This bridge appears to have been built by the locally prolific Penn Bridge Company based on the unusual detail that company often used, which was two pins at the top chord / end post connection, with one pin for the diagonal members, and one for the hip vertical. It is unclear what advantage the company thought using two pins provided.
This bridge is an attractive example of its type. It remains with decent integrity, although some alteration was observed, most notably the loss of some of the original built-up floor beams. A few of the original floorbeams do remain however, and they are impressive shaped beams that should be preserved and not removed as part of any future repair or restoration. This is one of the few historic truss bridges in Pennsylvania that was at least minimally repaired recently, with a 2003 rehabilitation date that apparently included replacement of the deck and railings.
Information and Findings From Pennsylvania's Historic Bridge Inventory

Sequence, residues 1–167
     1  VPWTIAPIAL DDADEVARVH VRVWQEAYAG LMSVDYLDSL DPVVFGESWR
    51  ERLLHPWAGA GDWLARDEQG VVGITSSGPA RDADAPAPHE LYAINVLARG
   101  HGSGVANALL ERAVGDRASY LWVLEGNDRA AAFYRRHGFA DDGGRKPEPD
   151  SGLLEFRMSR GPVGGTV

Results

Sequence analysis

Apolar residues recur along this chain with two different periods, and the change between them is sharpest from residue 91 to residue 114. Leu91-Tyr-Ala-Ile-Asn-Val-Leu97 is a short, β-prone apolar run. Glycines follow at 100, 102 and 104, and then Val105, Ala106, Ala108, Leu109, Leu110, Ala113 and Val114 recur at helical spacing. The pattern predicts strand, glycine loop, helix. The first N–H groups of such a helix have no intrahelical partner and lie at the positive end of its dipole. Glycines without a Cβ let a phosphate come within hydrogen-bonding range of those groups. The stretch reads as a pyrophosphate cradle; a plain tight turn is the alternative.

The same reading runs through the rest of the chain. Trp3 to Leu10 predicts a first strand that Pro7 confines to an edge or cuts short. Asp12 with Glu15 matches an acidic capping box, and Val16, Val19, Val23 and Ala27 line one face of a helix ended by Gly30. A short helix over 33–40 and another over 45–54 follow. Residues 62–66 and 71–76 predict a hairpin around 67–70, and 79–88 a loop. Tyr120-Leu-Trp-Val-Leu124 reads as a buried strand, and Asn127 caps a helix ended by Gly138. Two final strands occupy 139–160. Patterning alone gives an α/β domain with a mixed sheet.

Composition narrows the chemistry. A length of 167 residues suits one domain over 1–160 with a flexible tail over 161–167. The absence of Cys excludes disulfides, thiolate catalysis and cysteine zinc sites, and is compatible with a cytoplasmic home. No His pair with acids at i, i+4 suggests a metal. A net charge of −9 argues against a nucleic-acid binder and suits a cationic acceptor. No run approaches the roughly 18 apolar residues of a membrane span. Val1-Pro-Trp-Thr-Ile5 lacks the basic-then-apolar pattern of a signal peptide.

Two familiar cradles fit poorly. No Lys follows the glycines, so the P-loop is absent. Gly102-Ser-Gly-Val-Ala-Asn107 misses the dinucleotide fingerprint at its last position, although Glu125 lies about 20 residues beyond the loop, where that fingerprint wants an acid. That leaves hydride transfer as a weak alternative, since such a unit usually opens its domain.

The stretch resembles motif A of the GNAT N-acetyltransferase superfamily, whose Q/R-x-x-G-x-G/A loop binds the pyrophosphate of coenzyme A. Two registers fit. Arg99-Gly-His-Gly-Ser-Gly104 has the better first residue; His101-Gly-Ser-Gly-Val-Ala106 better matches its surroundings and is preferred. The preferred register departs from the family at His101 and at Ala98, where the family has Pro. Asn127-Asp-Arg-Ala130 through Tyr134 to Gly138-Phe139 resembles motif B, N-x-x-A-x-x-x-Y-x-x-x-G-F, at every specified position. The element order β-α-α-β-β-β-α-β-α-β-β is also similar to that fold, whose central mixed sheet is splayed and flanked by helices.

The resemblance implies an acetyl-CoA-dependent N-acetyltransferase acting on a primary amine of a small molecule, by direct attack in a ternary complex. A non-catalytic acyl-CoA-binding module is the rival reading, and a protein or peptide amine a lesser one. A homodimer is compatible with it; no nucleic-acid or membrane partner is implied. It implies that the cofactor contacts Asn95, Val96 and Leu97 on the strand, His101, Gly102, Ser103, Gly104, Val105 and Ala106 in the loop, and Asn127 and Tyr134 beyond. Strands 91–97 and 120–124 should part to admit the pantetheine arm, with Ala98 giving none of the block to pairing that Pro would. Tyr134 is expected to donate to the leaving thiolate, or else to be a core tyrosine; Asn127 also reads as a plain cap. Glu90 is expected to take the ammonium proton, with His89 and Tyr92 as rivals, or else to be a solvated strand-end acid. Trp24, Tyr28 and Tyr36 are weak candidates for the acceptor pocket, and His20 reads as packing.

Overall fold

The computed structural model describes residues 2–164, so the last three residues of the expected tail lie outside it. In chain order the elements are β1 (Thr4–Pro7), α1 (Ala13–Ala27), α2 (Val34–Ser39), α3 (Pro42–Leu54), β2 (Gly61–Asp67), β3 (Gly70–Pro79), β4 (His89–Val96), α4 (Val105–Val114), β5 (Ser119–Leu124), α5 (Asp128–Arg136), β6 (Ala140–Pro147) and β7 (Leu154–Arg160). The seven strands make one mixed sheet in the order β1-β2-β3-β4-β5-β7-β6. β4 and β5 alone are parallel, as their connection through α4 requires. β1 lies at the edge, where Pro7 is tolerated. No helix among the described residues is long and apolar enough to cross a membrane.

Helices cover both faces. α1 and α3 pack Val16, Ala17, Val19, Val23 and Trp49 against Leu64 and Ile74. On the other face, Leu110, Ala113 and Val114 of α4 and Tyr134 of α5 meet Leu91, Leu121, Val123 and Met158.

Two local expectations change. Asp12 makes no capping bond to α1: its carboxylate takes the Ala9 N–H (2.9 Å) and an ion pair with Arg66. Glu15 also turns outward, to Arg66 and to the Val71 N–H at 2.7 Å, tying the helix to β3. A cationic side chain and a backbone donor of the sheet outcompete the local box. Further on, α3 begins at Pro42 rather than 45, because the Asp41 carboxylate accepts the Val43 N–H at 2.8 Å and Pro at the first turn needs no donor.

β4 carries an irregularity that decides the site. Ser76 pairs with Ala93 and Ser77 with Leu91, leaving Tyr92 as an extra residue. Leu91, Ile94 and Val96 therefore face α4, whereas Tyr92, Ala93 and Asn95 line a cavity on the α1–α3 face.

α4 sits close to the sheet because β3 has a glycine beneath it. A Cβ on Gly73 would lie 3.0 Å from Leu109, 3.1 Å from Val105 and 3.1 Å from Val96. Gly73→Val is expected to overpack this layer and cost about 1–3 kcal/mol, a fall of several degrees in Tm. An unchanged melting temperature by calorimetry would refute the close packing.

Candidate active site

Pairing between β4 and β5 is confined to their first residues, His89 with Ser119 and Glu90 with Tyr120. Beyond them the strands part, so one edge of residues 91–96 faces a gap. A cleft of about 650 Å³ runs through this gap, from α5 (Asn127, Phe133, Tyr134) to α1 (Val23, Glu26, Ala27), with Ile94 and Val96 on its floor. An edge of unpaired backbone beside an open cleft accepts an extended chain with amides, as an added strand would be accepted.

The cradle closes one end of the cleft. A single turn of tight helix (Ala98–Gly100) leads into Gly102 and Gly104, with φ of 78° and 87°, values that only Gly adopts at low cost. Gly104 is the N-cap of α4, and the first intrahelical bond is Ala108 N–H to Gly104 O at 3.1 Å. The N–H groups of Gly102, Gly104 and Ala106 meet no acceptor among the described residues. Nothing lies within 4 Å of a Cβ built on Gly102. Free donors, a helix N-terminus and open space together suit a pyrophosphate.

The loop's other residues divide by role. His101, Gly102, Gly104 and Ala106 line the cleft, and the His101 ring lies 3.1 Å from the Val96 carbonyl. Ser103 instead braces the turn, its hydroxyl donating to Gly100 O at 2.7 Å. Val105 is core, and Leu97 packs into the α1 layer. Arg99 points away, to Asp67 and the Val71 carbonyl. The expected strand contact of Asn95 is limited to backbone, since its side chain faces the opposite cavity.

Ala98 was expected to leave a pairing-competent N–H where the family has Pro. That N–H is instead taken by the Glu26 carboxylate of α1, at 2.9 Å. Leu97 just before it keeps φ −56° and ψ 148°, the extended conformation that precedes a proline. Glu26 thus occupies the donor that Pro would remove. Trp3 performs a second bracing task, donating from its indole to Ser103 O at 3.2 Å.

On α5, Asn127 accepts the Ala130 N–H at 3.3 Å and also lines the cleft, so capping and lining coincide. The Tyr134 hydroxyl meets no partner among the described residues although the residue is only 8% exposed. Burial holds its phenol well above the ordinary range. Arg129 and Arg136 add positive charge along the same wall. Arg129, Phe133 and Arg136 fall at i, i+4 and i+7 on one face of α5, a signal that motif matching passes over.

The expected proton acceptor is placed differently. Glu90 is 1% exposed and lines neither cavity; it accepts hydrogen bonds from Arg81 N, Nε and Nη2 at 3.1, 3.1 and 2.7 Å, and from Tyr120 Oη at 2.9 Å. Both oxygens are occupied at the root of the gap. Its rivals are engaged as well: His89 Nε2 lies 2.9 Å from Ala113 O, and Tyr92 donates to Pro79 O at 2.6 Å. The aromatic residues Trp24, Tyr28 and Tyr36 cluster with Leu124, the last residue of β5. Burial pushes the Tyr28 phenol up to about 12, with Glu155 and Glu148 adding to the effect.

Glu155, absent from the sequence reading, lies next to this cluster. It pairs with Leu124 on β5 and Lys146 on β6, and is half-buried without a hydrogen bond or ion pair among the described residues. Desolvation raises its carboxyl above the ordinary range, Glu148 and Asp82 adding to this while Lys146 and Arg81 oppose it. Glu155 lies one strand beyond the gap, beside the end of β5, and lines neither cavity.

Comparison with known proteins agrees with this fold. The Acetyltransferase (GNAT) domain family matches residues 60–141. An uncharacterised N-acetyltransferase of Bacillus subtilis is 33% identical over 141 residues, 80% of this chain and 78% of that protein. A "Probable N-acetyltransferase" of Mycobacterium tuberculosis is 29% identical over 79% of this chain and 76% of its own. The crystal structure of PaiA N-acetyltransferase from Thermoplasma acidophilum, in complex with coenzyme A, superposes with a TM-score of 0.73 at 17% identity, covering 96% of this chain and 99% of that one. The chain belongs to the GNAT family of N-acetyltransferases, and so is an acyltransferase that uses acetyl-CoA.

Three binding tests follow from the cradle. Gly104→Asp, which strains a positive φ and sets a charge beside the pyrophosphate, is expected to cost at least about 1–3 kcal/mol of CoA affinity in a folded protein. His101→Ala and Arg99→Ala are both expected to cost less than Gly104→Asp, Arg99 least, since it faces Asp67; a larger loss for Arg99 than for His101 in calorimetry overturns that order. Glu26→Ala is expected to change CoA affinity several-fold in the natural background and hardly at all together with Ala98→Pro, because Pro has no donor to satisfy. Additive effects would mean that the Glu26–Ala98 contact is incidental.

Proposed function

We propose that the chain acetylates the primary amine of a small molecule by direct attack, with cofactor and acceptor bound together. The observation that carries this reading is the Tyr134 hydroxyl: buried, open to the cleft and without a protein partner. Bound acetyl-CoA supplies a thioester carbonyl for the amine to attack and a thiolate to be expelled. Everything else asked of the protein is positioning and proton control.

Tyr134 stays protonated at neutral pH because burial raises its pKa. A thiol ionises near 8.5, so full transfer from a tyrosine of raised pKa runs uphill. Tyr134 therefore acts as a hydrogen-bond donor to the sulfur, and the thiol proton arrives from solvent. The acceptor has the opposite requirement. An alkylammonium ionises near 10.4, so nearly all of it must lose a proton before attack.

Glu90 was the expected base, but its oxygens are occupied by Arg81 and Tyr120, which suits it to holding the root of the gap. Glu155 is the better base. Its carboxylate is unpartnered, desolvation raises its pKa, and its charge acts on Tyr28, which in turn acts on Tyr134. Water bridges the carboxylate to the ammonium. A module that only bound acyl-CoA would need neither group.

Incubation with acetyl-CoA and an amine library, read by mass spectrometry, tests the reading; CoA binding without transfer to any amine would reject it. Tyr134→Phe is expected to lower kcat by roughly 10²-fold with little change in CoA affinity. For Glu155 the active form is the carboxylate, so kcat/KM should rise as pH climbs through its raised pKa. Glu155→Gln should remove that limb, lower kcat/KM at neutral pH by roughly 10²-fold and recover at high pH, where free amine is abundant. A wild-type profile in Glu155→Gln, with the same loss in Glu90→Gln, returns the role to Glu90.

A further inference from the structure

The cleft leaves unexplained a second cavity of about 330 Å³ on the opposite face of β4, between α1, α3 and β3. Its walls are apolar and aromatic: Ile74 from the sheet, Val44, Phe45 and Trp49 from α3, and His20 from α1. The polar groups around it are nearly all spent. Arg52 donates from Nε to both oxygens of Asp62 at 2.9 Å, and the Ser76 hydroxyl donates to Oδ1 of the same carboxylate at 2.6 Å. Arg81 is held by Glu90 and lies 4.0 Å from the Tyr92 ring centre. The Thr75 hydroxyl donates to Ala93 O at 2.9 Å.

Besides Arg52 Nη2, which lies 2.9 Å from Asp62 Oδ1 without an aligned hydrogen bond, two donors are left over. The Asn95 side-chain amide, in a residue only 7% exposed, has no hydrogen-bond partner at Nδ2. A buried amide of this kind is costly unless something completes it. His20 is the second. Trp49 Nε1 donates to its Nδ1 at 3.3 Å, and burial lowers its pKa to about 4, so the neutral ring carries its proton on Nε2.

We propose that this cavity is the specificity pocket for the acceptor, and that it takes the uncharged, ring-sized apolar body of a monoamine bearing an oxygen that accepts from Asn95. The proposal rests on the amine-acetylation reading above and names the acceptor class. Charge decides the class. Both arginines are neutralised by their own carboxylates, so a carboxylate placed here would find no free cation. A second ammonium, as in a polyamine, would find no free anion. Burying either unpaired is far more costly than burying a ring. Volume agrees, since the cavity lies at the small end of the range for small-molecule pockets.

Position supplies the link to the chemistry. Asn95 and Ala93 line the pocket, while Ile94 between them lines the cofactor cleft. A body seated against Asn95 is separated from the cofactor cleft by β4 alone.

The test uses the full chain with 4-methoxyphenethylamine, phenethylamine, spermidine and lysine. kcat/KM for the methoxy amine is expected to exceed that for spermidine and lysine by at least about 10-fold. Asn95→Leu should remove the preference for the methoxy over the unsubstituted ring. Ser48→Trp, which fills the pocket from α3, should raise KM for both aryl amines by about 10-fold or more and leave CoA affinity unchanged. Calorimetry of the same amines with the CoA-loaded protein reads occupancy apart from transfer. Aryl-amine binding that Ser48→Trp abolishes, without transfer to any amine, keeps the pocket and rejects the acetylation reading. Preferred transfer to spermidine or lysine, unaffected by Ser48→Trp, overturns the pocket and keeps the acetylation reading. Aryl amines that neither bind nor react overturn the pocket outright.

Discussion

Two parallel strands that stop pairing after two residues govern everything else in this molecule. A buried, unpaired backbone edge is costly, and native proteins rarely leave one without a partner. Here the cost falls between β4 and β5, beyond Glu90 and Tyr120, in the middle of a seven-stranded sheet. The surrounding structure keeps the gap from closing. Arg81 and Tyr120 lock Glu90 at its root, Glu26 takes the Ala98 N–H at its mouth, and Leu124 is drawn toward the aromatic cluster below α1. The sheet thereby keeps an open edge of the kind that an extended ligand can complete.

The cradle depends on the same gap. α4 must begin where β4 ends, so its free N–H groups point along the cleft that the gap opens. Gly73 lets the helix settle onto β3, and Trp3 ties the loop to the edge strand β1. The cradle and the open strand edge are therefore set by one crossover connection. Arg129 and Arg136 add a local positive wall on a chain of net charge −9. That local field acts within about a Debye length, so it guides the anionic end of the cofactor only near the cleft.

Discussion of Bridge
The one-span, 98'-long, pin-connected Pratt thru truss bridge is supported on ashlar abutments with wingwalls. The trusses are traditionally composed, but the upper hip panel point has two pins (one of the floor beam hanger and one for the diagonal) instead of the more common single pin. The designer/fabricator of the bridge is not known, but the bridge dates stylistically to ca. 1885. It may be the work of the Penn Bridge Co. that was located in Beaver Falls and was building bridges in the county by 1878. The bridge is historically and technologically significant based on its date, completeness, and uncommon connection detail. It also has some original built up floorbeams.
Discussion of Surrounding Area
The bridge carries a single-lane road over Little Beaver Creek in a sparsely developed, rural setting with scattered modern houses.
Bridge Considered Historic By Survey: Yes
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